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United States v. Cook

United States District Court, E.D. California

December 20, 2019

UNITED STATES OF AMERICA, Plaintiff,
v.
MARILYN COOK, Defendant.

          ORDER

          Troy L. Nunley United States District Judge

         This matter is before the Court on Defendant Marilyn Cook's (“Defendant”) Motion to Dismiss the Indictment. (ECF No. 5.) The Government filed an opposition. (ECF No. 6.) After carefully considering the parties' arguments and for the reasons set forth below, the Court DENIES Defendant's motion.

         I. Factual and Procedural Background

         The charges in this case arise from Defendant's alleged filing of false claims for property held by the California State Controller's Division of Unclaimed Property on behalf of the United States Marshals Services and others. (ECF No. 1.) On July 25, 2019, a federal grand jury returned an eight-count indictment charging Defendant with six counts of mail fraud in violation of 18 U.S.C. § 1341, one count of wrongfully using a government seal in violation of 18 U.S.C. § 1017, and one count of aggravated identity theft in violation of 18 U.S.C. § 1028A(a)(1). (ECF No. 6 at 1.)

         At the time the grand jury returned the instant indictment, Defendant was in federal custody pursuant to a pre-trial detention order and was scheduled to begin trial on distinct charges in the Eastern District of Tennessee. (ECF No. 6-3.) On July 31, 2019, a jury found Defendant guilty of presenting a fictitious financial instrument in violation of 18 U.S.C. § 514(a)(2) and presenting a false claim to the United States in violation of 18 U.S.C. § 287(a). (ECF No. 6 at 2.) A sentencing hearing was scheduled for December 3, 2019. (Id.)

         The Government alleges that it promptly notified Defendant of the indictment pending in the Eastern District of California. (Id.) On September 6, 2019, Defendant filed a document labeled “Motion for Speedy Trial” wherein Defendant “move[d] the Court for the Sixth Amendment right to a speedy trial.” (ECF No. 4.) On December 2, 2019, Defendant, proceeding pro se, filed the instant motion to dismiss the indictment based on a violation of her Sixth Amendment right to a speedy trial. (ECF No. 5.)

         II. Standard of Law

         The Sixth Amendment guarantees that “[i]n all criminal prosecutions, the accused shall enjoy the right to a speedy and public trial.” U.S. Const. amend. VI. “The right to a speedy trial attaches when a criminal proceeding is initiated, including when the defendant is indicted.” United States v. Myers, 930 F.3d 1113, 1118 (9th Cir. 2019).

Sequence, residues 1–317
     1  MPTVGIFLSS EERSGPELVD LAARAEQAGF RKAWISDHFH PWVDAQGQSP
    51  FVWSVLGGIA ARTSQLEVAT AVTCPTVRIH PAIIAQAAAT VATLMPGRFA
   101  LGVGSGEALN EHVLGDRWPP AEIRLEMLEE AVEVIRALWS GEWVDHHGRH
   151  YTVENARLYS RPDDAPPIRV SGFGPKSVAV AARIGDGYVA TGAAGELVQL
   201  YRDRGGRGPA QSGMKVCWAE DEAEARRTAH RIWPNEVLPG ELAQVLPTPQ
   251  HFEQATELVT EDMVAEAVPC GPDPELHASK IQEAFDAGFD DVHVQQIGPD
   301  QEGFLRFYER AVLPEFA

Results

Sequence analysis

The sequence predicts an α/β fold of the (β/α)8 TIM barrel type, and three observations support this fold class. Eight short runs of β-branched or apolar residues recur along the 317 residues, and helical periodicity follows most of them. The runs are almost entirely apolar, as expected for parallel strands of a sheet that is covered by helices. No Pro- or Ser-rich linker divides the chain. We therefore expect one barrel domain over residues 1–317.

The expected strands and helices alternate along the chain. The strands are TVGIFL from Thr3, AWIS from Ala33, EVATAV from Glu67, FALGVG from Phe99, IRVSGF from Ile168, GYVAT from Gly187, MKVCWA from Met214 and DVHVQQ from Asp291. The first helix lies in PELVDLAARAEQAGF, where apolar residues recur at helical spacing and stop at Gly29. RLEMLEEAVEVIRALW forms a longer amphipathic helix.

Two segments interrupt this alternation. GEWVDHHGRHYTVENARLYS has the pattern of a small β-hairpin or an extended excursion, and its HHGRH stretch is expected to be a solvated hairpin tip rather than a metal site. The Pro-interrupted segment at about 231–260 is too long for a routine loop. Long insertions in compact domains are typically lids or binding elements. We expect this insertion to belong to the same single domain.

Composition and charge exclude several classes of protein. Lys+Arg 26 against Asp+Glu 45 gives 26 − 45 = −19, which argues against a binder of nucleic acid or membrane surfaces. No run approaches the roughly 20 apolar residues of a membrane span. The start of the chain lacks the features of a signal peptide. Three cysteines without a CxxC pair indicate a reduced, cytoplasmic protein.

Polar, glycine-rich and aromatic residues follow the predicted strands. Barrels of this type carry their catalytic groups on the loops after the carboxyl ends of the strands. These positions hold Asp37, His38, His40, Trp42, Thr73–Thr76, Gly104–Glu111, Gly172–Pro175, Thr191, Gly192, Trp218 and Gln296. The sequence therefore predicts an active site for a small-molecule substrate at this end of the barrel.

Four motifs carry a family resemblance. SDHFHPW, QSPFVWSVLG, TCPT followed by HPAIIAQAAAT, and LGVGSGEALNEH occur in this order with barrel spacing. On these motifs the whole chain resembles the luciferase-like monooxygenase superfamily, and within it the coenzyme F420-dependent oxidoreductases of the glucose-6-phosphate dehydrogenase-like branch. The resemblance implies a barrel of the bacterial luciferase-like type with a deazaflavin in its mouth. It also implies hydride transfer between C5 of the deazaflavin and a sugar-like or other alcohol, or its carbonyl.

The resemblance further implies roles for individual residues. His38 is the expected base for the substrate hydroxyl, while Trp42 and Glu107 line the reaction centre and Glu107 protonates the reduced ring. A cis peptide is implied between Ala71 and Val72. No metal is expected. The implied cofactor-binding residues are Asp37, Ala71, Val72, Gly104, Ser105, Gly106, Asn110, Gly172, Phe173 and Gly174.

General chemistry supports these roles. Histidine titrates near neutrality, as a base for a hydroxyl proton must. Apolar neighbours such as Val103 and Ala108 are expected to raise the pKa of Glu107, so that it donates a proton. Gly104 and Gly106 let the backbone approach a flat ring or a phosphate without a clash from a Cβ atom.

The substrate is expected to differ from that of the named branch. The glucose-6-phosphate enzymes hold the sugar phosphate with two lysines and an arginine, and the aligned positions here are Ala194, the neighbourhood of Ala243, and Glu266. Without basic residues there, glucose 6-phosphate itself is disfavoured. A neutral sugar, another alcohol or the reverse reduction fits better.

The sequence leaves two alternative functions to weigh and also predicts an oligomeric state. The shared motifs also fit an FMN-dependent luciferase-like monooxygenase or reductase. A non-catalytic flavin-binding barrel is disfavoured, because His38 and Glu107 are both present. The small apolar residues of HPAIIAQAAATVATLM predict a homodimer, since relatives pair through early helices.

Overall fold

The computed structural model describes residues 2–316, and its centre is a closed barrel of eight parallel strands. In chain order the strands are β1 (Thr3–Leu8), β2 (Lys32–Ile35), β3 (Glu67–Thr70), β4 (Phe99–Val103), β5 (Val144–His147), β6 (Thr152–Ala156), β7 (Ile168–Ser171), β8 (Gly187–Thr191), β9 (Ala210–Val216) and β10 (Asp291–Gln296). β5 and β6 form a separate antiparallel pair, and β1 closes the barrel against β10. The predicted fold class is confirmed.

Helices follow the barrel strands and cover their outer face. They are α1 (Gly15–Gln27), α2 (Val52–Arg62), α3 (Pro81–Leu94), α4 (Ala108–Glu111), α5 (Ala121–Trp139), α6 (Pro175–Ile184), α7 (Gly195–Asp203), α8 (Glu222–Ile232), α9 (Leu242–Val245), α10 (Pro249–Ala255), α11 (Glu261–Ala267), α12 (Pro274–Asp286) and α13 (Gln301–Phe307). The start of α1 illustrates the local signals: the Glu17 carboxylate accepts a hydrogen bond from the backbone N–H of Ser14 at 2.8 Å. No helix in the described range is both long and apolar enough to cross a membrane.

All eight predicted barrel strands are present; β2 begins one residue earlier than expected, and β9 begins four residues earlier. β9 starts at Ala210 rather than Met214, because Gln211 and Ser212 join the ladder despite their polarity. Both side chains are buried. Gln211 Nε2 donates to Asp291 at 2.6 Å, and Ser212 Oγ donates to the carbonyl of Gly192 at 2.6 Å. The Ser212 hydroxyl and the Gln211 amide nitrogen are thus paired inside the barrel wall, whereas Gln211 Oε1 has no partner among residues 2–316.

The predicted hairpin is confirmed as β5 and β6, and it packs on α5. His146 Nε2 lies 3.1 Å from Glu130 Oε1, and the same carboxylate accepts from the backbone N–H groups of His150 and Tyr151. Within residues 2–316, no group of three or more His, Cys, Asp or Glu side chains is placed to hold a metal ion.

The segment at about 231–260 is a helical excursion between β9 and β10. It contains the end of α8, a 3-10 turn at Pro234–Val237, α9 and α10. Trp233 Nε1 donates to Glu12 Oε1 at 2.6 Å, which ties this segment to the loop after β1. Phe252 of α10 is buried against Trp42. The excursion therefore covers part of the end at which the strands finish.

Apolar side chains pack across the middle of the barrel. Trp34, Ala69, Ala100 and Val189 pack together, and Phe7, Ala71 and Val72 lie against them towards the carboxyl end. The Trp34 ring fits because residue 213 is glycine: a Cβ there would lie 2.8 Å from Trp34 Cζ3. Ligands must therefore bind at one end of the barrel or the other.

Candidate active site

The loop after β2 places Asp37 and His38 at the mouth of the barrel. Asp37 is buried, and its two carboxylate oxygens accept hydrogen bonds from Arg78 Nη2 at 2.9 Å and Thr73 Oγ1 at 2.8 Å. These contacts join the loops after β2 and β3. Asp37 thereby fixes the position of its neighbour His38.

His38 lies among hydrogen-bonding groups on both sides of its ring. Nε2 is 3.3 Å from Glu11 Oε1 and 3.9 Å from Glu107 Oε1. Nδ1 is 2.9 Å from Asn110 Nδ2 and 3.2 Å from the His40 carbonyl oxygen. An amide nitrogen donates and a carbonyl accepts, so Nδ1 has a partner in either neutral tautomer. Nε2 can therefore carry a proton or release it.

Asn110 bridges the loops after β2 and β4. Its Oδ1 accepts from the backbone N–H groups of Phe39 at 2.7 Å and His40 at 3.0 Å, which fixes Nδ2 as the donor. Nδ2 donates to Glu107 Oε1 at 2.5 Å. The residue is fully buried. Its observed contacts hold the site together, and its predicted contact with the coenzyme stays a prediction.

“In determining when the constitutional right is violated, the Supreme Court has rejected any rigid approaches or clearly defined rules.” Id. “Instead, the Court has adopted ‘a balancing test, in which the conduct of both the prosecution and the defendant are weighed.'” Id. (citing Barker v. Wingo, 407 U.S. 514, 530 (1972)). The Barker test establishes four factors to be balanced: “Length of delay, the reason for the delay, the defendant's assertion of his right, and prejudice to the defendant.” 407 U.S. at 530.

         “A court balances all four of these factors in a practical, case-by-case analysis under Barker.” Myers, 930 F.3d at 1120. “As the Court explained, none of the four factors is ‘either a necessary or sufficient condition to the finding of a deprivation of the right of speedy trial. Rather, they are related factors and must be considered together with such other circumstances as may be relevant.'” Id. (citing Barker, 407 U.S. at 533).

         III. Analysis

         Defendant summarily argues that the Government violated her Sixth Amendment right to a speedy trial. (ECF No. 5.) She states that she received the indictment by mail on August 8, 2019, while in custody at a detention facility in Tennessee and filed a motion for a speedy trial on August 25, 2019. (Id.) Defendant's motion to dismiss lacks any other facts or legal arguments. In opposition, the Government applies Barker and argues it did not violate Defendant's right to a speedy trial. (ECF No. 6.) The Court will address the Barker factors in turn.

         A. Length of Delay

         “The length of delay is the threshold factor.” Myers, 930 F.3d at 1119. “[T]o trigger a speedy trial analysis, an accused must allege that the interval between accusation and trial has crossed the threshold dividing ordinary from ‘presumptively prejudicial' delay, since, by definition, he cannot complain that the government has denied him a ‘speedy' trial if it has, in fact, prosecuted his case with customary promptness.” Doggett v. United States, 505 U.S. 647, 651-52 (1992) (citation omitted). “[B]ecause of the imprecision of the right to speedy trial, the length of delay that will provoke such an inquiry is necessarily dependent upon ...


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